Producing Oxygen and Other Chemicals  via Artificial
      Photosynthesis for Space Exploration

For us on Earth it is very normal that we do not think about where oxygen comes from: plants and cyanobacteria produce it for us for about 2.3 billion years. In less than one second, natural photosynthesis magically oxidises water with the help of sunlight and uses the produced protons and electrons in the so-called ‘dark reaction’ to reduce carbon dioxide to sugars. Oxygen is hereby only a ‘waste product’. It’s just so fantastic that we have nature!

It is easy to imagine that we need to solve a key problem for all space travels to the International Space Station (ISS), Mars or Moon: how do we produce sustainably and efficiently oxygen (and an artificial atmosphere) for long periods of time? How do we recycle carbon dioxide exhaled by astronauts?

Currently, oxygen and hydrogen are produced through water electrolysis in the so-called “oxygen generator assembly” (OGA) on the ISS. The energy required for the reaction is fed into the reactor from incoming sunlight via solar panels outside the space station. That sounds great - it sounds like everything works already! Not quite. The near-absence of buoyancy caused by microgravitation on the ISS hinders the detachment of gas bubbles from electrodes in the electrolyser and the produced gases (oxygen and hydrogen) can only be detached and utilised through rotation. This requires a lot of energy: 1.5 kW out of the 4.6 kW used by the entire Environmental Control and Life Support System (ECLSS) on the ISS is used by the OGA to produce oxygen for crew members.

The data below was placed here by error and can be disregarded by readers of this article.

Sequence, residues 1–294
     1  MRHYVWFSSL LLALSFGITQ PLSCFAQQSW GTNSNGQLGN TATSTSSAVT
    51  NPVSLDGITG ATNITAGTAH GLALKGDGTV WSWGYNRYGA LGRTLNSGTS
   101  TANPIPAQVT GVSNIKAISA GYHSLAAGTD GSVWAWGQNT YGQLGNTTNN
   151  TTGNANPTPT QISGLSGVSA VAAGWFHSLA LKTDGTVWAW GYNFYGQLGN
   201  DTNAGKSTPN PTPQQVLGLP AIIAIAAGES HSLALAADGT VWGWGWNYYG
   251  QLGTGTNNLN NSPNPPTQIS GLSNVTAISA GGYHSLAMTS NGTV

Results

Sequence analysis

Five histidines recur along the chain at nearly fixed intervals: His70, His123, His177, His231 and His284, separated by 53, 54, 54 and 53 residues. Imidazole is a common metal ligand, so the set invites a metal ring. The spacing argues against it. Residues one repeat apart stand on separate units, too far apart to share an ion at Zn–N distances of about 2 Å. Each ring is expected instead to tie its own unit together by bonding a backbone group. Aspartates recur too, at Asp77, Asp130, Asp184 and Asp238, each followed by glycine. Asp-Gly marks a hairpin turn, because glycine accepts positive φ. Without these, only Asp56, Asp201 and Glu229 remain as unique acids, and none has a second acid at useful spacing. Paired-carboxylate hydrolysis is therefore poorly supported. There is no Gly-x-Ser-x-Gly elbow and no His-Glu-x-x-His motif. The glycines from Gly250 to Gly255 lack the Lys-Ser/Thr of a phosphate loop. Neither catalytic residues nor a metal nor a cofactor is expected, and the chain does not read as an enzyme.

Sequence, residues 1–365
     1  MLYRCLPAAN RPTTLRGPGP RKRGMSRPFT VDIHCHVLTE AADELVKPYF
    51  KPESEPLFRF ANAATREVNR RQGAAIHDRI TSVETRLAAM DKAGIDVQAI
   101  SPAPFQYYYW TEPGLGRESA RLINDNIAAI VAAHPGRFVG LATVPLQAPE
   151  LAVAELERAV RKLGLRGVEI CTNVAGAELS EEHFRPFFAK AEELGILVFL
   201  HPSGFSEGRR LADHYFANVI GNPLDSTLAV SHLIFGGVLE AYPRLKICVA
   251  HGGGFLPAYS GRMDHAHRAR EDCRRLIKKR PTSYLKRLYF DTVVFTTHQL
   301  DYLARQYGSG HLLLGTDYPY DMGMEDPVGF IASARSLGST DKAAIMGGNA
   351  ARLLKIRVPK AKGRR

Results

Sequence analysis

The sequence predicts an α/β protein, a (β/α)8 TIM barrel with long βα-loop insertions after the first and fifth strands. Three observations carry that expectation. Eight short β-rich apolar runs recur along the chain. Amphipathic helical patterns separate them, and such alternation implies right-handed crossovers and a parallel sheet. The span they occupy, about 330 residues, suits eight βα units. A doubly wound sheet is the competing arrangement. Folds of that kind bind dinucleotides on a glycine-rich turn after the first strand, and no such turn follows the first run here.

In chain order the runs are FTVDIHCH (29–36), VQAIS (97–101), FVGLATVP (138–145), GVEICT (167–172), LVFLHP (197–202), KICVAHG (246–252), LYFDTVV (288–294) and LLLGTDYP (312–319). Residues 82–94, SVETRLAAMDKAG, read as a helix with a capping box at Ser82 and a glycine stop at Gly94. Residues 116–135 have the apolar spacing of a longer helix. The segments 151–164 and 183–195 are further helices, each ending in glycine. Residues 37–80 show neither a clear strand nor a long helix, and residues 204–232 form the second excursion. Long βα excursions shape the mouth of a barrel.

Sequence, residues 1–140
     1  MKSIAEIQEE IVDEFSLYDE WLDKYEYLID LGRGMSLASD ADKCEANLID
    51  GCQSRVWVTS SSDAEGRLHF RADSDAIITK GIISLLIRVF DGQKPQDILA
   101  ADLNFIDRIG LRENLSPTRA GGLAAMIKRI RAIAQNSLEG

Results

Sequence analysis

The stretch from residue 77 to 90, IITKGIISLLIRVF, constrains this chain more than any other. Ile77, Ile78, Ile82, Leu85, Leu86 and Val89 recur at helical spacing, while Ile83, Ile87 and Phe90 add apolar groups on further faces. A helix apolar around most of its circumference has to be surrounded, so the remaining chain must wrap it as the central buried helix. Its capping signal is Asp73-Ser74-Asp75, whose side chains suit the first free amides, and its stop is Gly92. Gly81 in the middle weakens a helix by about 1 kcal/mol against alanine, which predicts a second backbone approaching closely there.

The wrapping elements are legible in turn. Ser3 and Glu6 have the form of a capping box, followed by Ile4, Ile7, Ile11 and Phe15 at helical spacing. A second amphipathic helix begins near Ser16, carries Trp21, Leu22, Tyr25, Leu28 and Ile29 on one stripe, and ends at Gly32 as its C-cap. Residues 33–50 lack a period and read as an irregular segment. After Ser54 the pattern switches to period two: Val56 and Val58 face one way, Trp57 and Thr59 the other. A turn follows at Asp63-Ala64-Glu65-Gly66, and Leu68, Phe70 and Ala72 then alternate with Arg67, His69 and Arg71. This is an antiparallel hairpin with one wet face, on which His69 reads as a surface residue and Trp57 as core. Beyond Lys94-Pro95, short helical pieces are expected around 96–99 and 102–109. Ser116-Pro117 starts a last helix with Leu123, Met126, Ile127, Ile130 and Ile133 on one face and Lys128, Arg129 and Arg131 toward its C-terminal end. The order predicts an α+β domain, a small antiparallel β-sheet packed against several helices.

Our research group works on the development of alternative methods to produce oxygen and other chemicals (such as hydrogen) efficiently and sustainably for long time periods at minimal energy input: our aim is to mimic the key processes of natural photosynthesis to design so-called “artificial photosynthesis devices”. Instead of chlorophyll, we utilise semiconductors to absorb light and coat them with electrocatalysts to integrate the processes of light absorption, charge separation and catalysis. This allows us to potentially produce oxygen and hydrogen using less weight and volume than traditional electrolysers. Semiconductors and electrocatalysts can moreover be energetically altered and optimised for a large variety of reactions: we not only work on the realisation of an autonomic oxygen and hydrogen production device in microgravity, but also on the (photo-)electrochemical reduction of carbon dioxide and the production of other chemicals such as urea (a fertiliser) and more complex precursors for pharmaceuticals.

Other research topics in our group include: 

The development of alternative, passive phase separation systems for gas bubble detachment from electrode surfaces in microgravity (e.g., via electrocatalyst nanostructures or the utilization of magnetically-induced buoyancy).

The simulation of (photo-)electrochemical devices in microgravity using COMSOL Multiphysics, OpenFOAM and numerical methods, specifically focusing on simulating mass transfer in the electrolyte and gas bubble evolution.

The (photo-)electrodeposition of metals on (photo-)electrodes in microgravity and the investigation of the impact gravity has on the nucleation and growth of metal layers and the metal nanotopography.

Experiments in the Bremen Drop Tower

How can we produce oxygen, hydrogen and other chemicals in weightlessness? What do we need that for anyway and how can we benefit from it here on Earth?

Our projects are currently supported through the German Aerospace Center (DLR, LiMo #50WM2150 und SolarMag #50WM2358) and the European Space Agency (ESA, OISP Idea #I-2022-00037 und #I-2023-01969). 


Dr. Katharina Brinkert

Phone: +49 421 218-57973

Email: katharina.brinkert